If you think losing a meaningful amount of weight is so monumentally difficult that hardly anyone succeeds, think again.

About 65 percent of patients lose 5 percent or more of their weight — enough to improve blood pressure and risk factors for diabetes — within six months of the tried-and-true approach of diet, exercise, and counseling, according to a review of obesity research published Wednesday in the New England Journal of Medicine.

The counseling piece is crucial — and should include at least 14 sessions over six months with a trained professional such as a dietitian or exercise specialist. That kind of hand-holding is readily available, the review said, not only at medical centers but through YMCA diabetes-prevention programs, commercial weight-loss plans such as Weight Watchers or Jenny Craig, and even through call centers that provide tailored guidance.

"With intensive counseling, patients get a lot of instruction, but, equally important, they get a lot of support," said psychologist Thomas Wadden, director of the Center for Weight and Eating Disorders at the University of Pennsylvania. "Partly, it's the accountability that makes the difference. If you're reviewing your progress every week with a counselor, you're going to try harder than if you're just recording your weight on a phone app."

For the paper, Wadden teamed with Steven B. Heymsfield, an obesity researcher at Louisiana State University, to sum up what is known about the causes of the obesity epidemic and how to battle it.

Some parts of their scholarly review come as no surprise.  Two-thirds of the U.S.  adult population is overweight (a Body Mass Index of 25 to 29.9) or obese (a BMI of 30 or more), a result of increasingly sedentary lifestyles and eating too much high-calorie food in super-size portions. The girth of the nation has led to soaring rates of diabetes, heart disease, and other chronic illnesses.

But less well-known is the fact that research has uncovered 11 uncommon genetic forms of obesity, including a type that is found in about 5 percent of severely obese children. Moreover, studies suggest that when fat people slim down, they continue to suffer metabolic and psychological effects such as increased appetite and a preoccupation with food.

"The implication is that persons who are no longer obese may not be physiologically identical to their counterparts who were never obese," the authors wrote.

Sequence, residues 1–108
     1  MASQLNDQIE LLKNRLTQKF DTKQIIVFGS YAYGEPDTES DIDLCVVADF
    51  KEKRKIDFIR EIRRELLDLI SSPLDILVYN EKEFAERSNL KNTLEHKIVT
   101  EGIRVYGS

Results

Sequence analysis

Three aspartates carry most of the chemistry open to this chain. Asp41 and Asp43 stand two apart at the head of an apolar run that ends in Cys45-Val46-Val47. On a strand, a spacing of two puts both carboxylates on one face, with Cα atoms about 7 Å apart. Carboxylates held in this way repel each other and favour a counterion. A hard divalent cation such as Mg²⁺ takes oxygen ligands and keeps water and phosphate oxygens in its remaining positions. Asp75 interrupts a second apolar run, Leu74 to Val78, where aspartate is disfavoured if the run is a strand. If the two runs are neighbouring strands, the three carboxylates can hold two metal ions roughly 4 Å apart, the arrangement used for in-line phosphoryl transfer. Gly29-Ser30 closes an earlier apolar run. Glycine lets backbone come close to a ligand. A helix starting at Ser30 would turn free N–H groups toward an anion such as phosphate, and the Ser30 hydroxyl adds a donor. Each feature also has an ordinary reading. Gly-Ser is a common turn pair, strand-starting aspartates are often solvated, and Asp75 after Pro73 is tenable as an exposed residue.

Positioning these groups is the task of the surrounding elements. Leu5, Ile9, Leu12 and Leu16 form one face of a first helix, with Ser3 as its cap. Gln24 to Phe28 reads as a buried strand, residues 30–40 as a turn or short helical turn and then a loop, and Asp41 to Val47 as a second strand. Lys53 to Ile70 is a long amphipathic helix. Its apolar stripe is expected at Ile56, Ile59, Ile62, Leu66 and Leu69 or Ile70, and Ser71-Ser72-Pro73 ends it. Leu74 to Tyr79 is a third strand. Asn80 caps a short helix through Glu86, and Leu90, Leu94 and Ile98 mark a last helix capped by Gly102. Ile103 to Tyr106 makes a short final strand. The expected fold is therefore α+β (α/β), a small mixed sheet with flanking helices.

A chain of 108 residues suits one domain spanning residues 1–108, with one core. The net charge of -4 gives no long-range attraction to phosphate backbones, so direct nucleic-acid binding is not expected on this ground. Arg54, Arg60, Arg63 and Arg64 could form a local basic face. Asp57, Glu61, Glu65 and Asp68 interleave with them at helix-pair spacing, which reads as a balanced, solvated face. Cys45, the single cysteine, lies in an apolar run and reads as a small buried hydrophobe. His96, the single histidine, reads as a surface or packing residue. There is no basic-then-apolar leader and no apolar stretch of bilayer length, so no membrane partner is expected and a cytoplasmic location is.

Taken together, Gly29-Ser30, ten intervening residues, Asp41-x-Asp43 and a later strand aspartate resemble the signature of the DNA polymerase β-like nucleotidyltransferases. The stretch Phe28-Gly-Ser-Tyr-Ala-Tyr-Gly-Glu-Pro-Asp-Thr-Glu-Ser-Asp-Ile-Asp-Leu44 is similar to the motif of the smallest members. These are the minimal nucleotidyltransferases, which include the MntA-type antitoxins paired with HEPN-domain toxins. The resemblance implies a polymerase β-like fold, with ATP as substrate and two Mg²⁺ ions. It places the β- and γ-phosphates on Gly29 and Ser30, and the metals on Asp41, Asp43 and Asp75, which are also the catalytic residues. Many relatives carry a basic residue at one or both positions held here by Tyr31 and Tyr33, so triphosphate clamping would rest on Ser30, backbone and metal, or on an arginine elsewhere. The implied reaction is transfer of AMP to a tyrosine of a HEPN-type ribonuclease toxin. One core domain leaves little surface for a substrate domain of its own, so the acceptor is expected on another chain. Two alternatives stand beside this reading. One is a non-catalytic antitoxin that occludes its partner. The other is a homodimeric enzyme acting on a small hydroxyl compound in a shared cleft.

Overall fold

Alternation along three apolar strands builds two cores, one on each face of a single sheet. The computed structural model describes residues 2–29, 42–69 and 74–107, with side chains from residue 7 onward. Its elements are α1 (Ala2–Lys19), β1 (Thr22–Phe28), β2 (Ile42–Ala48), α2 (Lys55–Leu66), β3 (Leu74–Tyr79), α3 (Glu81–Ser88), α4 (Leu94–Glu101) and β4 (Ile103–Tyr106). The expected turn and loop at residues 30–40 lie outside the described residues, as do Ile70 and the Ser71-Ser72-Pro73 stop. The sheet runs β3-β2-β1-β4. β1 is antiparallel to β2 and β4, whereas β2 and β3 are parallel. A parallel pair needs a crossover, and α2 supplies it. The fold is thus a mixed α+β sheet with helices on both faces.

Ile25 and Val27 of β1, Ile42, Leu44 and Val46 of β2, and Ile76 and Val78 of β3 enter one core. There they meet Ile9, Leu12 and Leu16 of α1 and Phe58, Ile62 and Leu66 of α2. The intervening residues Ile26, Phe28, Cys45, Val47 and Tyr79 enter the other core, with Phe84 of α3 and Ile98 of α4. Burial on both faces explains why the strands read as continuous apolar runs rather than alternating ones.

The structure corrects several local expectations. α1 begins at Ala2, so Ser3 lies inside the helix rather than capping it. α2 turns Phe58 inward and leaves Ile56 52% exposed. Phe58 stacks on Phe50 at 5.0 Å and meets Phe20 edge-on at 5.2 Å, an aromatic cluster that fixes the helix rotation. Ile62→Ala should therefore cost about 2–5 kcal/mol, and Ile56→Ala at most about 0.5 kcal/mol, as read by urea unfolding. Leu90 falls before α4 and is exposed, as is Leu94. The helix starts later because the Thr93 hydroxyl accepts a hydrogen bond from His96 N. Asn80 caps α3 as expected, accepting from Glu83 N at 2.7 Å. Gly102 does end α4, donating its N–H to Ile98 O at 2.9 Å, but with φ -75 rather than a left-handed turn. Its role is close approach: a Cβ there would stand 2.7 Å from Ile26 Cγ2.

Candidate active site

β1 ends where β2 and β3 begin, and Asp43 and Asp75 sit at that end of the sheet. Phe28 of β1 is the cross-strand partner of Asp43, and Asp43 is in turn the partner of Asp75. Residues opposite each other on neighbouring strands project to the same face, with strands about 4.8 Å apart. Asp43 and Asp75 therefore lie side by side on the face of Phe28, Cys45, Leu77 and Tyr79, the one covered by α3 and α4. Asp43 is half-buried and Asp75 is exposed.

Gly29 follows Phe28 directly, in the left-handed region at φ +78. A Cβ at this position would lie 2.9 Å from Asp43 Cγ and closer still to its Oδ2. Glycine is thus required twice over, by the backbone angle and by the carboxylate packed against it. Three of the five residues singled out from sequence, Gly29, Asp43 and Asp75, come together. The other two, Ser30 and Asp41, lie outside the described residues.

If obesity permanently changes how the body functions, then that helps explain why so many who lose weight regain it. The authors say it also supports "the concept of obesity as a chronic disease that requires long-term vigilance and management."

Because of the chronic nature of the problem, professional guidelines recommend that anti-obesity medications be considered to supplement intensive counseling and lifestyle changes. Six drugs have been approved for short- or long-term use, and research by Wadden and others has shown that adding a medication leads to greater weight loss and better maintenance.

Nonetheless, studies suggest the medications are underused, given the scale of the obesity epidemic.

Wadden and his co-author cite the reasons: Diet drugs have a history of being barely effective or unsafe; insurance usually doesn't cover them; and patients are often disappointed that pills are no panacea — their losses are modest.

"It's clear that these medications are beneficial," said Wadden, who has been a paid consultant to pharmaceutical companies as well as Weight Watchers. "Unfortunately, there's a sense that they must not work if you have to take them indefinitely. But I think obesity medications should be used on a long-term basis for chronic weight management, just as I take a [cholesterol-lowering] statin and a blood-pressure medication for the long term."